As a historian I like to think that I’m comfortable with the idea of fields dying. Maybe they’re reborn and live to fight another day (like diplomatic history, or so we all keep hearing), and maybe they never really die at all (like quantitative history, safely entrenched at Paris 1-Sorbonne).
But what about the old workhorse geographic fields like, say, French history? Unless you are Natalie Davis, being a French historian over the last five decades or more probably meant that you, well, went to France to do your research. And why did you go? You told your department chair and your grant funders and your colleagues that you had to get to the archives and the libraries, of course. But let’s be honest here: French historians don’t go to France to get to the documents. Instead we wed ourselves to documents that just so happen to be found only in France, “forcing” us to go there, usually when the weather there is super great, or at least super crappy at home. That’s why we became French historians in the first place. There are a few exceptions to this rule: the handful of self-loathing sad sacks we all know who hate wine and cheese and cigarettes, but this is no time to be cruel. Continue reading
This past week’s THATCamp Firenze was a huge success, offering plenty of opportunities to learn about new projects and the various national and international flavors of digital humanities that are flourishing in Europe. But seriously, on a blog with this title, how can I ignore the most spectacular part of the trip?
- So much pork fat. Note my plate’s single sad leaf of radicchio (it was actually delicious).
- Serge shows Sharon, Amanda, and me how it’s done.
Zotero’s server infrastructure has evolved in countless ways since the project’s 2006 launch, but most of those changes are super boring and not worth remembering. Over the past two months, however, we moved the bulk of Zotero’s back end to Amazon Web Services, a step that I believe is uniquely noteworthy in the context of digital humanities projects and their long-term sustainability. In this post I describe the recent changes to Zotero’s architecture. In the next post I’ll discuss why these changes are important for the digital humanities. This story is long, but it has a moral, and also a van. Continue reading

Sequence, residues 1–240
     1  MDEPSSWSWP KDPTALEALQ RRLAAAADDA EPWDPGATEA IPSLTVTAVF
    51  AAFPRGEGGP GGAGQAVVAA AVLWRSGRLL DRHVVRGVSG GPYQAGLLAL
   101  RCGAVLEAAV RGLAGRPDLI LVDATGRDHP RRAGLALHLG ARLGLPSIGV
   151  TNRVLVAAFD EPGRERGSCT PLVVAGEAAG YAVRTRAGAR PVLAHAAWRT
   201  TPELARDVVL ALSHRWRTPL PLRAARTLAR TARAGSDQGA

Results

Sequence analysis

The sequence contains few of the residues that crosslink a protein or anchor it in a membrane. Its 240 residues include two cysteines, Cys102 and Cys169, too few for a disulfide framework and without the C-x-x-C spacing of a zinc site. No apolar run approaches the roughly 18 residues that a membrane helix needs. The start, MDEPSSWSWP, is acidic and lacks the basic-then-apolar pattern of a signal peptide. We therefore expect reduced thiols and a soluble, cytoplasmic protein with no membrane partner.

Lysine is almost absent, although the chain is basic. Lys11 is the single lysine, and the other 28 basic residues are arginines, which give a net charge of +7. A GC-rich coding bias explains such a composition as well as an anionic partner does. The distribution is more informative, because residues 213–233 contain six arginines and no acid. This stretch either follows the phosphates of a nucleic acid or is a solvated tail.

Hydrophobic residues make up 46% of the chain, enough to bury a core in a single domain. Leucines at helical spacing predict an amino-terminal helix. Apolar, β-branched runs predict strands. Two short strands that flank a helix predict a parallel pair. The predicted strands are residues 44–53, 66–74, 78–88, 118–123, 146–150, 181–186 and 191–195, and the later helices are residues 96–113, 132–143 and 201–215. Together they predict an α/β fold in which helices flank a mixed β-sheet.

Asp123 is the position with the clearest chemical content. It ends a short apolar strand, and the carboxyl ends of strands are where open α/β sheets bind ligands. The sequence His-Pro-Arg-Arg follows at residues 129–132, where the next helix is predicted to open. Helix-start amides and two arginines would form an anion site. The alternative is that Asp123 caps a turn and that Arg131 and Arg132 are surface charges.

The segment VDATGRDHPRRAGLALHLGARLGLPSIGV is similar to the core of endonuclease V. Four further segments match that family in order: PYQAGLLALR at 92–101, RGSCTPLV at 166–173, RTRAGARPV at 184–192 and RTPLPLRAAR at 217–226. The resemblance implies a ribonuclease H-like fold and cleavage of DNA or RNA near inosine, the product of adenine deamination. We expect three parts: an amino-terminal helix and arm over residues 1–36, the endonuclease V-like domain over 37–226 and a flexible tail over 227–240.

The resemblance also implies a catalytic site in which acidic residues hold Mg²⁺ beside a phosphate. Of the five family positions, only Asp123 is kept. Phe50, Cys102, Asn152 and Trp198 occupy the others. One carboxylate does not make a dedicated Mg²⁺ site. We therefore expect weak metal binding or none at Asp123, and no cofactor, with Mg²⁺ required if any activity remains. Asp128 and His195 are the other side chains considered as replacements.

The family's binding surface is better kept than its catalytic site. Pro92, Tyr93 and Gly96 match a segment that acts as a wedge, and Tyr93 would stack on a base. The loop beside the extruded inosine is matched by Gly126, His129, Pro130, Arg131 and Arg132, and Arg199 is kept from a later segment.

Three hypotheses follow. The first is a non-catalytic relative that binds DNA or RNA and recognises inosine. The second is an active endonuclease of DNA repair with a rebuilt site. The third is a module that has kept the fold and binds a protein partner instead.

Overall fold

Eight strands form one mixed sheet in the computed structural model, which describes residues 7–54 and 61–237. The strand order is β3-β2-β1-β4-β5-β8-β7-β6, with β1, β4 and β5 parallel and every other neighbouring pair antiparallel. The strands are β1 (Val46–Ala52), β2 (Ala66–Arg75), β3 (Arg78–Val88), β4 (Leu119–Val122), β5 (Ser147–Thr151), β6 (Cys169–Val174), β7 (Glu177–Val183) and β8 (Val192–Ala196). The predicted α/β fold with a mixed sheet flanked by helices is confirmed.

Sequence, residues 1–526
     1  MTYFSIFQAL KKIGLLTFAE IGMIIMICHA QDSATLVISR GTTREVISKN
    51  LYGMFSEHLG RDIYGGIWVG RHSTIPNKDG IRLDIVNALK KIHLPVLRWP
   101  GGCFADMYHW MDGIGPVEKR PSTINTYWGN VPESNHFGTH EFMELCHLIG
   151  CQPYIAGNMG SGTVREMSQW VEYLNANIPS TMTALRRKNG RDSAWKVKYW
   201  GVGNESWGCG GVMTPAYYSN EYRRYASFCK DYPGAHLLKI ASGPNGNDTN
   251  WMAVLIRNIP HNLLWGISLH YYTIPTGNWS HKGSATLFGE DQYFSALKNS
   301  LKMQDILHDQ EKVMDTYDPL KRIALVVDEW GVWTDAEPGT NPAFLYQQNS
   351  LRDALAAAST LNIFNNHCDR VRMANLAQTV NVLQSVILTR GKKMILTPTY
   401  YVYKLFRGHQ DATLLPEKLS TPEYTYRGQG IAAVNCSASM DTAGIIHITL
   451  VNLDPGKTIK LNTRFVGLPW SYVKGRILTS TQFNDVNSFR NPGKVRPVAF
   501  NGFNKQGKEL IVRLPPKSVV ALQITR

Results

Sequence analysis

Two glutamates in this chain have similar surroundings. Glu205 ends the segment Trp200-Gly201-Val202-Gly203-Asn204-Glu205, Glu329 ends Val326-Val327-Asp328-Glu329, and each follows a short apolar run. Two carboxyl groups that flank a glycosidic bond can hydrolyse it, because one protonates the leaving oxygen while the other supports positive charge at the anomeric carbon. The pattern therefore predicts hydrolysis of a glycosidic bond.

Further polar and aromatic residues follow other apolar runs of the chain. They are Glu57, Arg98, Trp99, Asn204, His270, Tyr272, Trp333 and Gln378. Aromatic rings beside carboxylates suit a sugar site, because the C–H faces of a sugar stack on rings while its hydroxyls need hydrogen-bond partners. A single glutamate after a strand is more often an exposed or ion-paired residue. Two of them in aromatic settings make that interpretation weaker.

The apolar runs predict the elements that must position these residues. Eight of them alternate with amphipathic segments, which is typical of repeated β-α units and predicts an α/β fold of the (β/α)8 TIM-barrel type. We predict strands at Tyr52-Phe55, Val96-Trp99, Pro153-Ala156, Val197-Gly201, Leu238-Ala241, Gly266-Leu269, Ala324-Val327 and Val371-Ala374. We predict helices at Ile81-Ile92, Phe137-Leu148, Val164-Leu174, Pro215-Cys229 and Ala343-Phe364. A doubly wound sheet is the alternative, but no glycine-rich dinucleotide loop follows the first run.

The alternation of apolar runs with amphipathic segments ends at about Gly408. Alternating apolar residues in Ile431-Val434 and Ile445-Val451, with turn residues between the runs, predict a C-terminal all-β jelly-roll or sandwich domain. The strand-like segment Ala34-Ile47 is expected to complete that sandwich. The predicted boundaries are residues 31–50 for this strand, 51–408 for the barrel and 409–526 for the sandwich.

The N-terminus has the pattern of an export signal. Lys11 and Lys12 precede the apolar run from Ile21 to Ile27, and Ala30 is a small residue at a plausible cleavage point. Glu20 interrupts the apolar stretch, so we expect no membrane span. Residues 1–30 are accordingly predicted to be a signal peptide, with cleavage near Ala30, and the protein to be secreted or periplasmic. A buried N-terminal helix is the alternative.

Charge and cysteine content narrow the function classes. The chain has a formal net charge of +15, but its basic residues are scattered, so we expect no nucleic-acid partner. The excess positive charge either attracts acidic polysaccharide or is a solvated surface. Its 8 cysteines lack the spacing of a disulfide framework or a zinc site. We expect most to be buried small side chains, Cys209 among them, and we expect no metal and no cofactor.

Because I live under a rock (Vietnam), I only recently discovered the Google Charts API. When I saw that it supported maps, I thought it might be fun to plot the sales data for Zotero File Storage provided by the nonprofit corporation I started along with a bunch of other academics. Bear in mind that these maps only reflect the billing addresses associated with purchasers of Zotero storage. Zotero’s general user base is even more globally distributed and several orders of magnitude larger than the subset depicted here. Nonetheless the results are stunning, I think, and something that pleasantly reminds me of the last throes of a game of Risk. We have work to do in Africa and the Middle East. Click the thumbnails below for full-size, detailed images.
I met up with my French colleague Marin Dacos today while he was in the middle of giving an exam on digital publishing to his humanities master’s students. While many U.S. graduate students (and professors) would balk at such a “factual” exam, I suspect that they would have a very tough time getting through it unscathed.
How would you or your students fare with a test like this? I’ve translated the questions into English. You have ninety minutes. Go!
Basic questions and definitions (13 points)
- In Wikipedia, what do “Diff” and “Edit war” mean?
- Name the XML formats useful for electronic publishing and specify their particularities.
- How does PageRank work? What are the advantages of this system? What are its drawbacks?
- Who is Tim Berners-Lee? What is the W3C?
- What is metadata? What is Dublin Core?
- What is DRM? What are its advantages and disadvantages?
- What is single source publishing?
- What is the difference between the PDF and EPUB formats?
- What is Zotero? What does it do?
- What is a DOI? What is name resolution?
- What is interoperability? What is OAI-PMH? What are the main verbs of OAI-PMH and what do they do?
- What is the attention economy?
- What is the Creative Commons License? What is its purpose?
Synthesis (7 points)
- Electronic publishing falls into three categories. For each type of electronic publishing, provide a definition, at least one representative example, its main technical characteristics, its principal qualities, and its major faults.
- The publishing industry is searching for an economic model of electronic publication. Present the different strategies currently under development (name, basic description, example, advantages, disadvantages)